How many JVM could be run on single OS?

We can run as many JVM instances as we want on an OS. When ever we start a new java process by invoking java.exe (i.e. java [class-name] ) a new instance of JVM is created. Each java process executes in its separate JVM environment - we can specify different JVM parameter for each process.

If it was not possible to execute more than one JVM instance or in other words if all java processes were made share the same JVM instance, then we would not have been able to specify separate JVM options for every processes.

Also, this provides a security feature for each java process, as it executes in its separate environment controlled by the JVM options provided during its start.

A good example of it is Java RMI. RMI is used for communication between two JVMs. Even on a single machine we need to use RMI to communicate between different java processes, that explains that they are not sharing the same JVM instance.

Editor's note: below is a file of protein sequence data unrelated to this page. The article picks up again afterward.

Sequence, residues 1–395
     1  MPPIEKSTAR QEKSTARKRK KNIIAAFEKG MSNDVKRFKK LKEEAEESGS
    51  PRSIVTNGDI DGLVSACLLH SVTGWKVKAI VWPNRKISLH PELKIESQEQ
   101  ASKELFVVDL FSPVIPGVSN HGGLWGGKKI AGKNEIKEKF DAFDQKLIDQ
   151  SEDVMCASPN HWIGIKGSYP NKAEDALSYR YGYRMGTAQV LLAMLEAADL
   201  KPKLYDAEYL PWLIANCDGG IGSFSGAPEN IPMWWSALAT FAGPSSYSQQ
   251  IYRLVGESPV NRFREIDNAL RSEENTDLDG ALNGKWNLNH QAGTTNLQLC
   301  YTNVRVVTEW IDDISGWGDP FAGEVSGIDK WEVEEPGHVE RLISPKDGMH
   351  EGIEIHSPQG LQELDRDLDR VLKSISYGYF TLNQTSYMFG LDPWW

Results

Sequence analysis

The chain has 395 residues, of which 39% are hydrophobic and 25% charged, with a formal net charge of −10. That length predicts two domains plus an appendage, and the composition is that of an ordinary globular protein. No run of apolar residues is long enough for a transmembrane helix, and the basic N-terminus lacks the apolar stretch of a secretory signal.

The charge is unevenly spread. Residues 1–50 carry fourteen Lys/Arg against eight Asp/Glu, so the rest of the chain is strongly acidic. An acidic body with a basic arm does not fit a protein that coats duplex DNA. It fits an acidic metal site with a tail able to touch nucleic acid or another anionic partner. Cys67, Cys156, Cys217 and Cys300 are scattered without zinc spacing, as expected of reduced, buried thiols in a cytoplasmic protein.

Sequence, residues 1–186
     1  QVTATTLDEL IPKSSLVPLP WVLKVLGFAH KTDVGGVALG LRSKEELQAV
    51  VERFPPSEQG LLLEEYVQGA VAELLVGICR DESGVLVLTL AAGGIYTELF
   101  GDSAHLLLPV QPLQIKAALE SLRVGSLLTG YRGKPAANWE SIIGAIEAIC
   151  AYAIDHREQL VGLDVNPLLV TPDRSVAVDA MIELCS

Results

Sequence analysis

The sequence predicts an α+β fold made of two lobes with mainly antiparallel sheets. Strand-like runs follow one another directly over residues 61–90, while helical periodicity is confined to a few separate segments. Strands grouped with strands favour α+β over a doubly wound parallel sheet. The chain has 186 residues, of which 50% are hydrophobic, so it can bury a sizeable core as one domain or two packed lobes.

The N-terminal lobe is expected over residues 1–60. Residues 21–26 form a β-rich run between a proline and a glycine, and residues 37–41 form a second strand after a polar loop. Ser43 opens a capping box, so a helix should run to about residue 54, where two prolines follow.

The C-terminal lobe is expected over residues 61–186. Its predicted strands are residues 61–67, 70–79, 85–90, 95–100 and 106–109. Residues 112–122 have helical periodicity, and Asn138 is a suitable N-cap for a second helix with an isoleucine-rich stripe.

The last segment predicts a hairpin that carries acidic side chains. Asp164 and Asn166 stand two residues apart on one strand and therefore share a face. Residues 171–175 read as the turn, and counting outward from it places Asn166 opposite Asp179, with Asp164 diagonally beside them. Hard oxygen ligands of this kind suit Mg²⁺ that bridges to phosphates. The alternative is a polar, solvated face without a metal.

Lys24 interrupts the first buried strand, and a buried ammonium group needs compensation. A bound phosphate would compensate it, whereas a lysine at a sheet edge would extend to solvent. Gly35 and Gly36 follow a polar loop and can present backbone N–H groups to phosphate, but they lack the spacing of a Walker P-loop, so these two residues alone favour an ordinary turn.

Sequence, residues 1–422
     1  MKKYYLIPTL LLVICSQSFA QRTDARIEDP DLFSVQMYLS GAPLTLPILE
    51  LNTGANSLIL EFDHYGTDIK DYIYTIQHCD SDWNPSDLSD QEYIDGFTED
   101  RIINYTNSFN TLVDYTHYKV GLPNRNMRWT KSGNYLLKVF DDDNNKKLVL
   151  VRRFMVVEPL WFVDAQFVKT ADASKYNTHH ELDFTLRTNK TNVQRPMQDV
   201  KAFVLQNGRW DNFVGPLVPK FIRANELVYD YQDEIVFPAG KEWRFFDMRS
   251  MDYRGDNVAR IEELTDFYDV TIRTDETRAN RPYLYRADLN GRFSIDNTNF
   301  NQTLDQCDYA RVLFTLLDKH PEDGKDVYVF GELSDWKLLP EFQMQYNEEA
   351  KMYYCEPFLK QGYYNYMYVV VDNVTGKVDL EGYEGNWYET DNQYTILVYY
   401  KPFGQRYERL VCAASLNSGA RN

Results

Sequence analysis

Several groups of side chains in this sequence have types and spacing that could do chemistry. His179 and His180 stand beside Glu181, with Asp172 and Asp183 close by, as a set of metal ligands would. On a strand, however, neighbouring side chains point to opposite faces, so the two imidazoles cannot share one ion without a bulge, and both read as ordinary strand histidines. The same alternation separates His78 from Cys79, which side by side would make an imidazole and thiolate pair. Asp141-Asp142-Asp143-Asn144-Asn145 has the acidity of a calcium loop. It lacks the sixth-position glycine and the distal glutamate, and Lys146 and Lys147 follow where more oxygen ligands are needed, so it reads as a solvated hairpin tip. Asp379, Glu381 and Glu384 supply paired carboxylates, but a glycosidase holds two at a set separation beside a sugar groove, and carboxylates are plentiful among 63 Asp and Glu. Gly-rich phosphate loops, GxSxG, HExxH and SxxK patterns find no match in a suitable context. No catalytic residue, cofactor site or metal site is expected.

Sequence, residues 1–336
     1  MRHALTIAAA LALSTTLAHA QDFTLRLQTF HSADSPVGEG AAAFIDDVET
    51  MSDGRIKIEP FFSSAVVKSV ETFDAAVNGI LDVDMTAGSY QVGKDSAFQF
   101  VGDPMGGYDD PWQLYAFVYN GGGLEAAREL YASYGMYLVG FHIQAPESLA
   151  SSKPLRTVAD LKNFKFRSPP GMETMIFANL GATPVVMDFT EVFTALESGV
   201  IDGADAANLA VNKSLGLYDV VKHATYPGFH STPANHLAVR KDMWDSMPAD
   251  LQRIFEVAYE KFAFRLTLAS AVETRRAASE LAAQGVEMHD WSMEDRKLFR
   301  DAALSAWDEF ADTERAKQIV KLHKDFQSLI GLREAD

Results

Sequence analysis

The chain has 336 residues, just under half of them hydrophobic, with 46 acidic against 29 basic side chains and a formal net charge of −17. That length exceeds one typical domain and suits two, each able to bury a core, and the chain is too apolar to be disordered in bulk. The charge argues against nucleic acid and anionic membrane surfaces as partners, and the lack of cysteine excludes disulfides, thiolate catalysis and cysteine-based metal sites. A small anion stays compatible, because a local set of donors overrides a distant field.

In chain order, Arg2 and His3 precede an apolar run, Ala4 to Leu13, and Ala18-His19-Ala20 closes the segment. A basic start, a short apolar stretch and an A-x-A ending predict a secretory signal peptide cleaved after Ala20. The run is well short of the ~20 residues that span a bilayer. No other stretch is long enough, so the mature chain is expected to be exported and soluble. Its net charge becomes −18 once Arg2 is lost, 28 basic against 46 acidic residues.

Now, many people are of the opinion that we can have only one JVM as we can install only one JVM type on an OS. This is same as saying that we can open only one MS-Word document coz we can install only one office suit. (Well, not exactly, we can have multiple office suits installed - in different directories).

Also to say, whenever we do a java install, we do not install a JVM, we either install a JRE or JDK. And we can install multiple JRE/JDK on the same machine and also use them simultaniously run our programs - by providing specific paths during program start.